Memory Management


This page will cover the practices used by VisIt for doing memory management with VTK and AVT.

It will be broken into three parts:

  • How to manage memory for a VTK object
  • What the policy is for memory management of VTK objects in AVT filters
  • What the policy is for memory management of VTK objects in AVT database plugins

It should be noted that there is no notion of memory management for AVT objects in this document. This is because AVT uses the ref_ptr templates. Ref_ptr automatically manages issues related to managing reference counts and freeing unreferenced objects. So AVT objects can be allocated with no care regarding their de-allocation (which will happen automatically).

How to manage memory for a VTK object

VTK objects contain their own mechanism for managing memory. This mechanism makes use of reference counts. All VTK objects derived from the class vtkObject, which contains methods for explicitly maintaining the reference count. Here are some important points:

  1. When a VTK object is instantiated, its reference count is 1.
  2. You can increase the reference count of a VTK object, obj, by calling obj->Register(NULL). The Register method takes an argument of a VTK object. This is to aid in debugging memory leaks. The Register method can be instrumented to return statements like “VTK object obj was just referenced by a vtkAppendFilter”. It would get the class type (vtkAppendFilter) through the argument to Register. Of course, since we are typically increasing the reference count while living in a non-VTK world, we have no VTK object to offer as an argument. Hence NULL is used most often.
  3. You can decrease the reference count of a VTK object by calling Delete().
  4. VTK filters instantiate a new data object to be their output. These data objects have reference count of 1. But if the filter is then deleted, it decrements the reference count of its output data object.

Number 4 is a common situation. The question becomes: how to separate a VTK data object from the filter that generated it? It can be done with the following code:

vtkDataSet *obj = filt->GetOutput();

By increasing the reference count, obj can live on after filt is destructed. And by setting its source to NULL, obj will not try to reference filt when it is used in subsequent pipelines. Of course, reference count of obj now must be decremented when obj is no longer wanted (and it is your burden to do so).

How to manage memory for an avtFilter

There are essentially two use cases.

In the first use case, the avtFilter is a derived type of avtStreamer. This is important because avtStreamer has a virtual method called ExecuteData. So here is the common scenario: to satisfy the ExecuteData call, the avtFilter sets up a VTK pipeline. The input to that pipeline is the VTK data set that is given to the ExecuteData method as an argument, and the output of the pipeline is also a VTK data set.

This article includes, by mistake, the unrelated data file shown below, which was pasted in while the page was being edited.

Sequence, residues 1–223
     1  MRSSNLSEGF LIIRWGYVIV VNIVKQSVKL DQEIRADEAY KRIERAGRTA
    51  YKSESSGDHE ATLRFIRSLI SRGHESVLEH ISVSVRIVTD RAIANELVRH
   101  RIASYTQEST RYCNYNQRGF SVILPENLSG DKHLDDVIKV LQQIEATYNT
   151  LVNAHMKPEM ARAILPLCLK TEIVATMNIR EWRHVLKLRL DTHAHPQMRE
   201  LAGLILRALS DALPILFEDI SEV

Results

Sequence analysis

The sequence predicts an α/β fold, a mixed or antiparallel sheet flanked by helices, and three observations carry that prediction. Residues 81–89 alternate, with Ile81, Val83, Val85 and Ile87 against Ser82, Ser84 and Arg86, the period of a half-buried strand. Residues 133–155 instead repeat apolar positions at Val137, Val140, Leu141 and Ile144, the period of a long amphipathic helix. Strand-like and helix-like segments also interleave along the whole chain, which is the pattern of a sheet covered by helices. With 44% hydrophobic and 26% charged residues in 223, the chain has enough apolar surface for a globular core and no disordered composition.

So how do we do memory management? The avtFilter would like for the output to be managed by someone else, but that filter still needs to clean up the VTK filters it instantiated. So we essentially have situation #4 from the previous section (that is, we want to delete the filters, but retain the output). We follow a similar procedure to that outlined above. At this point, the avtFilter is ready to return the data set, but it has a reference count of one. It should be noted that it could be the convention that the avtFilter returns this data set with one extra reference and the caller decrements the reference when it has put the data set into a larger data structure. But this is not our convention. This mostly dates back to legacy reasons, but there are still merits to it (memory management is self-contained, also easier to debug memory leaks). So what is the mechanism to manage the memory? There is a convenience function called “ManageMemory” provided by avtStreamer. This will temporarily set up an extra reference to the data set. After calling ManageMemory on a data set, you can decrement the reference count (i.e. call Delete()). In essence, ManageMemory allows the ExecuteData method to return the data set and pretend that it has reference count 0 without causing it to be deleted.

In pseudo-code, this looks like:

vtkFilter *filt = vtkFilter::New();
vtkDataSet *obj = filt->GetOutput();
return obj;

The other use case is that we are not using a derived type of avtStreamer. In this case, the output will be made up of avtDataTrees. Because avtDataTrees live in the world of ref_ptr’s, no special attention is needed for their memory management. And, as soon as a VTK data set is added to an avtDataTree, it’s reference count is increased. So the VTK data set can be deleted as normal to prevent leaks.

How to manage memory for a database plugin

The basic convention for each GetVar() or GetMesh() call is that the object returned by that method is owned by the caller. That is, the reference count of each object should be one. And the avtGenericDatabase (which calls GetVar or GetMesh) will delete the object when it is done with it.

In pseudo-code:

    vtkDataArray *arr = vtkDataArray::New();
    // set up array
    return arr;

In addition, sometimes file formats will return the same object repeatedly. A good example of this would be a file format where the mesh stays constant across all time states. Then the mesh for the first time state applies to all. In this case, the file format must be incrementing the reference count for each call, to ensure that the caller doesn’t remove the object it is caching.

In pseudo-code:

    if (theMesh == NULL)
        theMesh = vtkDataSet::New()
        // read the mesh
    theMesh->Register(NULL); // Add a ref so caller can “own” it.
    return theMesh;

Debugging memory leaks

A separate page is devoted to debugging memory leaks.